- Upon deciding which language/s I'm going to use, skim over a book or online course on that language and list the major concepts. This could be responsive design, prepared statements, ajax etc.
- Break down my project into small chunks, each chunk requiring me to utilise a few of those concepts.
- Have at it! (Get coding.)
This top-down approach is much more 'real life': you know what the end result needs to be and you must determine and execute the steps to bring it to fruition!
This section is not for how-to-code books. It's for high-level textbooks. I have a few Computer Science textbooks I plan on studying to supplement my developer knowledge. So this is my plan for tackling those concept heavy monsters.
These five steps are to be repeated for each major chapter in the textbook. The first four steps are about getting exposure to the topic. It is not about reading into the details at all! This is preparatory work to do before sinking your teeth into the content, which is step five. It builds a foundation on which to construct the rest of your understanding.
- Flip through each page in the chapter. Ignore any specifics. How long is the chapter? Are there many diagrams?
- Is there a quiz at the end of the chapter? If there is, read over it. Authors use these quizzes to test you on what they, as the experts, believe is the most important information to remember from the chapter.
- Read all the bold text. This means headings, sub-headings, key words and key phrases.
- Read the first and last sentence of each paragraph. Granted, this step assumes the book to be well written. If it is, these sentences should be the introduction and conclusion of each paragraph.
- By now you should have a good foundation as to what the chapter is about in general. The kinds of words and phrases that are important and the concepts that are most crucial.
- Now it's time to get truly stuck in; time to pursue comprehension. Study the chapter fully. Take notes. Take my time. Ensure I understand. Thanks to the first four steps, my notes contain almost nothing that isn't relevant.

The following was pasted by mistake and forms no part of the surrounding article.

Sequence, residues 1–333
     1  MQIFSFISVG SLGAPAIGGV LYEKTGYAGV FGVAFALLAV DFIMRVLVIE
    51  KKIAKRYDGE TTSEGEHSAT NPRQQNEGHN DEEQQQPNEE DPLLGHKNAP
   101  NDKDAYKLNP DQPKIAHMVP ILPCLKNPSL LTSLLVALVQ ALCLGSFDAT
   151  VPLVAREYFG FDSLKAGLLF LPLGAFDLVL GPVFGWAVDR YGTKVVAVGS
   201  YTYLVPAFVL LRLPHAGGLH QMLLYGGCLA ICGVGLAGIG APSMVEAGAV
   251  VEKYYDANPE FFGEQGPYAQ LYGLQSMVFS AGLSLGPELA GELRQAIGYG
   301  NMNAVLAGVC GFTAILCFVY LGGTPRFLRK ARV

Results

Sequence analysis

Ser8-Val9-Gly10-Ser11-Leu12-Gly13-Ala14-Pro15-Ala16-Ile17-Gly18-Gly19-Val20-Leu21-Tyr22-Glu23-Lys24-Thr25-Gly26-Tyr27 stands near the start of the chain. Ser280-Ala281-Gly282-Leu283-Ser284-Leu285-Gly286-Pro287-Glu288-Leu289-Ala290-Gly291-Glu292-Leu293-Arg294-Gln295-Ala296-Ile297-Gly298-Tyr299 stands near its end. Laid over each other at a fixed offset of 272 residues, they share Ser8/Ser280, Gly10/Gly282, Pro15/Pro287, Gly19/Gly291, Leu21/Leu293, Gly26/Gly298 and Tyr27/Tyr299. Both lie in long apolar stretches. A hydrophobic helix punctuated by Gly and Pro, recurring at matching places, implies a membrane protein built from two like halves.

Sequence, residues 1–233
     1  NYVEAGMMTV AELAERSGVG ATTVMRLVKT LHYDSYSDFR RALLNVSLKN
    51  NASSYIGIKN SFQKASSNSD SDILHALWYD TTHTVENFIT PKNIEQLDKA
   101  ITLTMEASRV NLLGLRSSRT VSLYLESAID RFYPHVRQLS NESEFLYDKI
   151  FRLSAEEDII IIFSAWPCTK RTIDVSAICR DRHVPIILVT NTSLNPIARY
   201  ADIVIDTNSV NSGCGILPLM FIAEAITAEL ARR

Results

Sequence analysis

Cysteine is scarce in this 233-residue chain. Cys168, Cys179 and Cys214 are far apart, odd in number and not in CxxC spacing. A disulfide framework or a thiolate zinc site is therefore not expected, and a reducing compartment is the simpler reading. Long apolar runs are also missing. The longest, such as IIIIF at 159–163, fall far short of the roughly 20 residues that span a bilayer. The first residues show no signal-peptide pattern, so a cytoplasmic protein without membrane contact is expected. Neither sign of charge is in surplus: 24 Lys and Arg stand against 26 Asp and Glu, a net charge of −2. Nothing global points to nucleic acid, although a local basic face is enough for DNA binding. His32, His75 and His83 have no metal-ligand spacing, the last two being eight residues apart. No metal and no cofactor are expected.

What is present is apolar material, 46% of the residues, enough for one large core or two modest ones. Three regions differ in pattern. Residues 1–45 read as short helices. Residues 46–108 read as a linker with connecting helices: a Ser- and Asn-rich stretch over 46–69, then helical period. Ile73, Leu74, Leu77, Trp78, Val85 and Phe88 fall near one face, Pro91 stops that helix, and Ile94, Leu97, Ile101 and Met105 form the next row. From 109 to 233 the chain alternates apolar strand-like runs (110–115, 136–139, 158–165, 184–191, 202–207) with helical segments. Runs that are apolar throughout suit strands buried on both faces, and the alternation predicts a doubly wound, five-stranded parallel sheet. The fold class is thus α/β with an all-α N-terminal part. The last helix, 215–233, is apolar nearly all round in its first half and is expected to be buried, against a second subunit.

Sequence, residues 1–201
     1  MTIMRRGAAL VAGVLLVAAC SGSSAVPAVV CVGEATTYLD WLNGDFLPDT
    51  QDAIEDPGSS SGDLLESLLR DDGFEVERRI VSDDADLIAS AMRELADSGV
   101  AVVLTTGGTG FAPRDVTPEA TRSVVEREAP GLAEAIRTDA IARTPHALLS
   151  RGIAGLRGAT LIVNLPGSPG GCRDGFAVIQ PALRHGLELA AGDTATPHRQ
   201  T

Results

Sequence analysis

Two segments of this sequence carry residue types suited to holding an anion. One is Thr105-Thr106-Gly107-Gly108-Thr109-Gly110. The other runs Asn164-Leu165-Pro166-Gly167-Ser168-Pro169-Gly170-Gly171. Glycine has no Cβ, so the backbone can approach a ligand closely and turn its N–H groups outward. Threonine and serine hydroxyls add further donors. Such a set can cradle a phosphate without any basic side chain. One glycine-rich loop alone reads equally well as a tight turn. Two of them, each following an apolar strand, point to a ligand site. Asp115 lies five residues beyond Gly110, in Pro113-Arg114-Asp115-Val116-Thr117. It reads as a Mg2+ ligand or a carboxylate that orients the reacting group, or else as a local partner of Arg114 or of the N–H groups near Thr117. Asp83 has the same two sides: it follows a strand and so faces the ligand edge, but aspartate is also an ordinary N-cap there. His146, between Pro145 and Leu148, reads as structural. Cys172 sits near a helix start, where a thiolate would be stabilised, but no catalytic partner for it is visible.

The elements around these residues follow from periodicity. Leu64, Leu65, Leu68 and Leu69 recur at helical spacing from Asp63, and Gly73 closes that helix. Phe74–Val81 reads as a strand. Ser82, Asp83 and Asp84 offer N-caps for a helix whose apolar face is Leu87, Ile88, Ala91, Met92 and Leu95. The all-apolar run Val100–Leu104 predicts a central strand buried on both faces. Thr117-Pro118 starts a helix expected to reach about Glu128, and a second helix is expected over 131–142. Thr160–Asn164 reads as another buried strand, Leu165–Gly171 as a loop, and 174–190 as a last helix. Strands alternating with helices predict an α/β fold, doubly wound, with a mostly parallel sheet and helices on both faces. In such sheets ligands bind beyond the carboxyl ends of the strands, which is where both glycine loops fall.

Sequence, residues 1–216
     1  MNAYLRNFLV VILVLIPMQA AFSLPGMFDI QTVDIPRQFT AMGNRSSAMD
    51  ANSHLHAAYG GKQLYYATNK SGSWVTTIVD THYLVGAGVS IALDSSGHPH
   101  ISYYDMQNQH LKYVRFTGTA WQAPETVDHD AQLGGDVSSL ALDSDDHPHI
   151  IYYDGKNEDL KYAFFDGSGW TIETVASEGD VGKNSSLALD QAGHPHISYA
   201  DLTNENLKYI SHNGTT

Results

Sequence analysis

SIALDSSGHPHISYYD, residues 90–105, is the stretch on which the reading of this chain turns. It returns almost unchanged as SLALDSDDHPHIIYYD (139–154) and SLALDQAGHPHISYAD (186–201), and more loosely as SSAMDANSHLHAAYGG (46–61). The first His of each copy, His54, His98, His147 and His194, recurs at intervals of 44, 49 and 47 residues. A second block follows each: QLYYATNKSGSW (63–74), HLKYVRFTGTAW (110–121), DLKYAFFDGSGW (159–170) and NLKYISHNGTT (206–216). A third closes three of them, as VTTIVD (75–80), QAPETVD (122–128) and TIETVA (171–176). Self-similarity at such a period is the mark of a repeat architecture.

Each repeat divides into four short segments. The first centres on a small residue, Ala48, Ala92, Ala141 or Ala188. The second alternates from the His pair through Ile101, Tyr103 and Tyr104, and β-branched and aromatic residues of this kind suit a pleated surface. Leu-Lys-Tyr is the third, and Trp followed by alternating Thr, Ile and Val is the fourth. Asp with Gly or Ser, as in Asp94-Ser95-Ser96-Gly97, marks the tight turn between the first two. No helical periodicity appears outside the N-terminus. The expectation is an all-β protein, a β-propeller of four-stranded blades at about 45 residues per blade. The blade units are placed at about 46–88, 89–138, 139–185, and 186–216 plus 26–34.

This section's guidance is very generalised. I will use this method of note taking whether I'm learning a coding language, computer science or any other topic that peeks my interest.
Use the outline method, which I am using for this section and which looks like this:
- A Main Topic.
- Another Sub-Topic.
- Another Main Topic. etc.
- A Main Topic.
Record all of the questions I have about the topic. This is extremely important as it highlights knowledge gaps as I learn.
Add to these notes by doing my own research.
- Reference up-to-date sources if my main resource is a bit out of date.
- Find answers to all of my questions.
- Be curious.
Create summary sheets of specific topics.
- If my topic is development related, I could turn it into a blog post of some sort as my way of summarising my learning. Similar to what I'm doing now.
- Focus on concepts, leave the details to the language documentation and my snippet library.
- Making my summary sheet visually pleasing will help (right now I like using markdown) but don't get lost down the rabbit hole of trying to obtain visual perfection.
Brute-force my long-term memory with flashcards. This is a whole topic on its own but I'll try to summarise it:
- Flashcards should be utilised once I fully understand exactly what I'm learning. This is when I will work to embed it deep into long-term memory.
- Create my own flashcards (preferred over using someone else's) and ensure they follow the "one card one question" rule.
- Focus on concepts. Memorising every syntactical rule of code won't make me a better coder the same way memorising a dictionary won't turn me into William Shakespeare!
- Anki is an amazing piece of free software for creating flashcards and using Spaced Repetition to memorise them.
- Anki is available on a huge variety of platforms, including mobile. YouTube is full of useful Anki tips and tutorials.